Pit Stop

Pit Stop -- Austin-based writer/director Yen Tan, who has done some excellent graphic design work for AFS, examines the lives of two gay men and their loved ones in a small American town. Unable to create the freedom or anonymity of big cities, they are outsiders who must find ways to survive and perhaps even experience romance.

Computer Chess -- Who could pass up an Andrew Bujalski premiere? Not initially a fan of his earlier work, I have grown to guiltily enjoy his passive protagonists, who talk a lot but do little. His third feature, Beeswax, was almost a Bujalski action film with scenes all over Austin. Now in his fourth feature film, the director visits 1980 when a convention of computer nerds, happily locked away in a low-rent motel, are trying to craft a program which will beat chess masters. Doubtlessly adding to the comedy is the presence of a group of new-age couples on their own quest at the hotel.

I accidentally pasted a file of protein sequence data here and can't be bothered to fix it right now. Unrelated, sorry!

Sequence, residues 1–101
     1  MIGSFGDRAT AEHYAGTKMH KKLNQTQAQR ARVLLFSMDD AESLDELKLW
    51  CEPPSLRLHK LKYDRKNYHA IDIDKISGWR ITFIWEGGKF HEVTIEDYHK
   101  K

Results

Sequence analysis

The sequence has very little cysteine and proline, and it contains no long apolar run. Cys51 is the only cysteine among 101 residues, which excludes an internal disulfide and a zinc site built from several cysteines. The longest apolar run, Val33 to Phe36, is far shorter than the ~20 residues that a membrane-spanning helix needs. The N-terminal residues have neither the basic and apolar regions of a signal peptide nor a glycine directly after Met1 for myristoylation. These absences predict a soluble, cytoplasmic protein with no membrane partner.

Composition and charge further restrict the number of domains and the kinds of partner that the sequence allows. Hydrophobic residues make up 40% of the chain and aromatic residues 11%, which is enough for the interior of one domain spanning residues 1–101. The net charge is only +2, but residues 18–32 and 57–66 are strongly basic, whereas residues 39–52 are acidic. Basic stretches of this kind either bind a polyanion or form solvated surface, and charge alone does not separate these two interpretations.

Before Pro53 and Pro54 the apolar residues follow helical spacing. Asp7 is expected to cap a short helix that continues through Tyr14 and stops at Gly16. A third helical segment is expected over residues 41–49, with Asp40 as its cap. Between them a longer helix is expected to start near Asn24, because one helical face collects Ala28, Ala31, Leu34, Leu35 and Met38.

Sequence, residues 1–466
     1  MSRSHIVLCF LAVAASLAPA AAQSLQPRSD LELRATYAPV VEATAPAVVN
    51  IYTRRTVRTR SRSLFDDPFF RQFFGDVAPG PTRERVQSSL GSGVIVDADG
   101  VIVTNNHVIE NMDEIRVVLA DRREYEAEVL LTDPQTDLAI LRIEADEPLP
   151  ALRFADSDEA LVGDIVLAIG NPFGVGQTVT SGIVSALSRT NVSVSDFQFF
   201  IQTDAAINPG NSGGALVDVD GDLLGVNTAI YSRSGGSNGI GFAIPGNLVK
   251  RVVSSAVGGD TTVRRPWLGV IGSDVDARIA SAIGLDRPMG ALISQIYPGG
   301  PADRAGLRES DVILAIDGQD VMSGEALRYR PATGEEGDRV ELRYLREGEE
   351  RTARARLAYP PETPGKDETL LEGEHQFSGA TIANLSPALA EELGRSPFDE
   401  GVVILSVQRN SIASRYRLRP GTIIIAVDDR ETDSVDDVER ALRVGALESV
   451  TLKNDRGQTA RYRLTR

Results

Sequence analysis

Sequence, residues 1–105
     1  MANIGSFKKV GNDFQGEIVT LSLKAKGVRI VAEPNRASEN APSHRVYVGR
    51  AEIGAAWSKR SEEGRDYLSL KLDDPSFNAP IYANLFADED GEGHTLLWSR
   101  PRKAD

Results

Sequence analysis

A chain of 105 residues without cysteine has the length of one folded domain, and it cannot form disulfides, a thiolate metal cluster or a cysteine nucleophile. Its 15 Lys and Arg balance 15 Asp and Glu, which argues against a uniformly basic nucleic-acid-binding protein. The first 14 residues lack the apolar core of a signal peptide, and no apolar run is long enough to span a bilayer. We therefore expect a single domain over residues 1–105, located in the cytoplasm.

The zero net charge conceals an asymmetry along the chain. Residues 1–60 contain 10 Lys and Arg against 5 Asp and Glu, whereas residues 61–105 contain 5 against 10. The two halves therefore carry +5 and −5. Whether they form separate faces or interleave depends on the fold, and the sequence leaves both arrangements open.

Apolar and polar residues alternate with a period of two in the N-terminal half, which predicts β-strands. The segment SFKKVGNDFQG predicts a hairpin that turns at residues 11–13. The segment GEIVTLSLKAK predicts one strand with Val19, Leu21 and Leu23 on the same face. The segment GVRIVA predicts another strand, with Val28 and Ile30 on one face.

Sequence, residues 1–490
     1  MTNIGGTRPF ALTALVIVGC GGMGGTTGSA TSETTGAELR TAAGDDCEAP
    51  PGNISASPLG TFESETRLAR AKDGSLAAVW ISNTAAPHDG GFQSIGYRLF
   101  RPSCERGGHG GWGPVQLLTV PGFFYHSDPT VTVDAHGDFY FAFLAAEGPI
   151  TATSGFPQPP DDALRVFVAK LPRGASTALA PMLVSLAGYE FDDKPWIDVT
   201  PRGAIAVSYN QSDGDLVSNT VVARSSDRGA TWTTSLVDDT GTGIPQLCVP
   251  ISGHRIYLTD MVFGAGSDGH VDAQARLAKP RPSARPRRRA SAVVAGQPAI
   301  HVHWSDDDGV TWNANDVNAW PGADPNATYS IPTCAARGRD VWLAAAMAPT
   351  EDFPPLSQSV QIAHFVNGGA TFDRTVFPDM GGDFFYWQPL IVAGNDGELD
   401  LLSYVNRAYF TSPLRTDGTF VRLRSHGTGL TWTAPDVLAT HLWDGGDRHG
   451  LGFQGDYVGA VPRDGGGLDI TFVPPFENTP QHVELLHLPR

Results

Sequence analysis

If my high-altitude, Snickers-and-caffeine-fueled madness persists, I will try to fit in as many of these others as possible:

I'm also looking forward to the party AFS is hosting for Richard Linklater and some of the cast of Before Midnight, a luminous and mature film that I've fortunately seen in preview here in Austin. AFS is holding a separate party celebrating other Texas filmmakers represented in this year's Sundance lineup. Since their films are playing after my six days there, I will have to wait to see them back home. They have all put Texas and especially Austin on the cinematic map, so they certainly deserve their accolades at Sundance.